Syd & Marty Krofft

For the greater part of the 1970′s, Sid and Marty Krofft defined Saturday morning children’s television with high-concept stories, ominous themes, alternative realities, hallucinatory production design, trippy music, giant puppets, inadvertent references to skin flutes and more abandoned children than a Dickens retrospective. From the fantastical and frightening H.R. Pufnstuf to the frightening and frightening Land of the Lost, the Krofft brothers spun magic time and time again with shows whose freakish images couldn’t have burned more into a child’s mind if they were attached to the end of a branding iron.

Sid Krofft (born July 30, 1929) and Marty Krofft (born April 9, 1937), are a sibling team of television producers who were influential in children's television and variety show programs in the USA, particularly throughout the 1970s and early 1980s.

They are largely known for a unique brand of ambitious fantasy programs, often featuring large-headed puppets, high-concept plots, and extensive use of low-budget special effects. The team also dominated the arena of celebrity music/variety programs during the period.

Early years

The Krofft brothers, Sid and Marty, were born in Montreal. For many years, they claimed to have been born to a family of fifth-generation puppeteers, but they revealed in 2008 that this story was invented by a publicist in the 1940s. Their father was, in fact, a clock salesman who moved from Canada to Providence, Rhode Island, and then to New York City.[1] Sid Krofft became a noted puppeteer who worked in vaudeville and was a featured player with the Ringling Bros. and Barnum & Bailey Circus. In the 1940s, Sid created a one-man puppet show, "The Unusual Artistry of Sid Krofft," and performed it throughout the world. His father joined him on tour in Paris while Marty stayed in New York, where he started using his older brother's puppets to earn money by staging performances. By the 1950s, the Krofft brothers were working together, and in 1957, they developed Les Poupées de Paris, a puppet show with more mature themes.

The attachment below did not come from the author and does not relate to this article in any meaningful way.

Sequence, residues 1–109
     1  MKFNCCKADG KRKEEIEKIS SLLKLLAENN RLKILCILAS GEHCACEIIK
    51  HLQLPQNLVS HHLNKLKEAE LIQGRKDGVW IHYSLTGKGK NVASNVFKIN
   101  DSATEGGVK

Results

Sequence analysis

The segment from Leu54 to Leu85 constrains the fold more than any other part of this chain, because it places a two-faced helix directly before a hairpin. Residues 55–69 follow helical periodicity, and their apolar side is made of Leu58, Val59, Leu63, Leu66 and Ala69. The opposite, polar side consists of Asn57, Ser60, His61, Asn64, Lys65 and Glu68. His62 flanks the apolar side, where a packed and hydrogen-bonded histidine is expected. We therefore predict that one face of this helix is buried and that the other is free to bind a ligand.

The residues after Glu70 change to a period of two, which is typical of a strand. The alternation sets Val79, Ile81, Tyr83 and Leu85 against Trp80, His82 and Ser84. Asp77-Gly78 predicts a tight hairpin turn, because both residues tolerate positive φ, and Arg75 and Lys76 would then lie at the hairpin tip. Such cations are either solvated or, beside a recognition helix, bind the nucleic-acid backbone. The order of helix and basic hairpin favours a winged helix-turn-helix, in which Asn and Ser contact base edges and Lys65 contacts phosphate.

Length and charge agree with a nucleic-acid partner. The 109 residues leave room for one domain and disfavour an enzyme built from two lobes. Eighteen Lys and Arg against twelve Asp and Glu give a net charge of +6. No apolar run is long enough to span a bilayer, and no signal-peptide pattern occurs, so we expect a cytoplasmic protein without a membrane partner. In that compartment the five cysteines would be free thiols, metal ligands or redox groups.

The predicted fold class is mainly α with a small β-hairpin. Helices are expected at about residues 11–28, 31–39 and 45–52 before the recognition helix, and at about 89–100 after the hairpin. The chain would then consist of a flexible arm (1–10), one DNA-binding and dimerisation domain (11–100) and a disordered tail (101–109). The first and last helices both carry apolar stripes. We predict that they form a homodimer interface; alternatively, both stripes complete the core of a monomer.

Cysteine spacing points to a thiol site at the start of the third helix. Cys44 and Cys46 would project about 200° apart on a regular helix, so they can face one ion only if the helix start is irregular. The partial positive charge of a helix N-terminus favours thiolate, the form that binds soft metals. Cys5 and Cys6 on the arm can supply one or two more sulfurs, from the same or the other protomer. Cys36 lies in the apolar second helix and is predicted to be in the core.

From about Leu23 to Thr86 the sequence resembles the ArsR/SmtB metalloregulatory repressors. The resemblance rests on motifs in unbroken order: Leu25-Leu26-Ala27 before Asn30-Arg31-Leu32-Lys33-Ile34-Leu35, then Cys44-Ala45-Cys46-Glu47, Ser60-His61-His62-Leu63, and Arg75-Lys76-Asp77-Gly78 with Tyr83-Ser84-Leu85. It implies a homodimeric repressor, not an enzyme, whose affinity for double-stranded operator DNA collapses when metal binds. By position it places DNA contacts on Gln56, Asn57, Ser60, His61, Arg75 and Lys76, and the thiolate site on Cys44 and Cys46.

Nice to Meat You (1971)
A young Mersey lad, Jimmy Jim, who eats nothing but fast food gets shot in the head and wakes up in Pattiesburgh, a city “founded, incorporated, governed in a democratic-republican fashion and outfitted with an extensive, financially-prudent mass transportation system by huge, talking hamburgers,” according to the less-than-memorable theme song lyrics. The show revolved around the town’s good-hearted leader “Burgermeister,” the power-pop trio “The Pickle Chips” and the curiously out-of-place “Asian Salad with Premium Spring Salad Mix” all trying to help Jimmy Jim get back to his own world. Unfortunately, the child actor playing Jimmy spent the entire series screaming in utter, unstoppable terror at the sight of the large-headed, anthropomorphic food puppets, resulting in every episode focusing on the costumed cast sitting around playing cards, talking about summer stock theater and dropping dead from heat exhaustion.
Psychotropical Paradise (1974)